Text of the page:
The commodities world has been watching the iron ore pricing skirmishes in Asia between the largest Chinese steelmakers and the likes of BHP Billiton (NYSE:BHP), Rio Tinto (NYSE:RTP), and Brazil's Vale (NYSE:VALE).

These big miners supply the iron ore that is vital to the manufacture of steel. If you have kept up, you also realize there's been a new, unexpected, and goofy twist in the situation.

The new twist involves a number of Chinese steelmakers signing on for iron ore supplies with Australia's Fortescue Metals, that country's third largest ore producer. In exchange the Chinese would lend Fortescue up to $6 billion. The funding is intended to set the company on the road to the increased size and importance it is targeting.

There are two major problems in this new deal, however. The first is that its price works out to a reduction of about 35% from last year's level -- less than the Chinese had been demanding of the bigger suppliers. And beyond that, it appears that Fortescue will supply about 20 million tons of ore to China, or a piddling portion of the nation's needs.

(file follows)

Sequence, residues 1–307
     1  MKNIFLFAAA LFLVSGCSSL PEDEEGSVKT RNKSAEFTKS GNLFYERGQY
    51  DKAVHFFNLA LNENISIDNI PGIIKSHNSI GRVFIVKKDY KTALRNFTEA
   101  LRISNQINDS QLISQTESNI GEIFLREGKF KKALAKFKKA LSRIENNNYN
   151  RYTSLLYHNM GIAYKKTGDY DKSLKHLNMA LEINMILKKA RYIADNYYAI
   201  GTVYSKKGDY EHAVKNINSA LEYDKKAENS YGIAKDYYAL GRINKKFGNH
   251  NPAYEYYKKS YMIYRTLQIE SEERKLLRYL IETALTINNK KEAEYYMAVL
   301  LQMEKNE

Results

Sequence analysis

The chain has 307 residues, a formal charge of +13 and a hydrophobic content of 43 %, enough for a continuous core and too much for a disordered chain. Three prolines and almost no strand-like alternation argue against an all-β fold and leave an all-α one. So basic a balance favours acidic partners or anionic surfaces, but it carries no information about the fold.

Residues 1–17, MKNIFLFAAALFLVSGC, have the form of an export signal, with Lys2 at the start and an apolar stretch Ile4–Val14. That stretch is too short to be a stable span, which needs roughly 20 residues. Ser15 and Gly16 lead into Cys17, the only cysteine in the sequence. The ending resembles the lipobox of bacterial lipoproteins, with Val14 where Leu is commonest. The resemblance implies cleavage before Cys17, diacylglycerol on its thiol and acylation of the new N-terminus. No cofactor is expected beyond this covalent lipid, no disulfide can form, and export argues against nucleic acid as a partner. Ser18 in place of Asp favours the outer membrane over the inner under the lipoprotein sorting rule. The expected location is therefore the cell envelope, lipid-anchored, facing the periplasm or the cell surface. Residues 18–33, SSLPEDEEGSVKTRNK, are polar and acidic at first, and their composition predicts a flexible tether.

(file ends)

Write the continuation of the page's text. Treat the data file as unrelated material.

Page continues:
As you know, the prices of most commodities ran like scalded dogs last year. In the process, the big three iron ore suppliers raised their prices to the steelmakers substantially. But this year, with commodities prices having tanked, iron ore levels were bound to dip.

And dip they have. The first shot out of the gun was a 33% reduction from last year's level, negotiated between Rio Tinto and Japan's Nippon Steel. That level was intended to serve as a benchmark for subsequent contracts. And indeed, most Japanese and South Korean manufacturers did follow along. But the bigger Chinese producers held out for a larger cut, at least 40% off the 2008 level.

You have to believe that the Chinese remain miffed about their inability to double their stake in Rio through their Aluminum Corp. of China (NYSE:ACH). Rio was seeking funds for debt repayment, but found the money elsewhere. Hence China's recalcitrance.

From a Foolish investment perspective, I continue to like the big three miners, especially given a longer-than-normal investment time horizon. And of that threesome, I'm especially a fan of BHP for several reasons, including its active and promising oil and gas operations.

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Fool contributor David Lee Smith doesn't own shares in any of the companies mentioned. He does welcome your questions, comments, or golf tips. The Motley Fool has a steel-hard disclosure policy.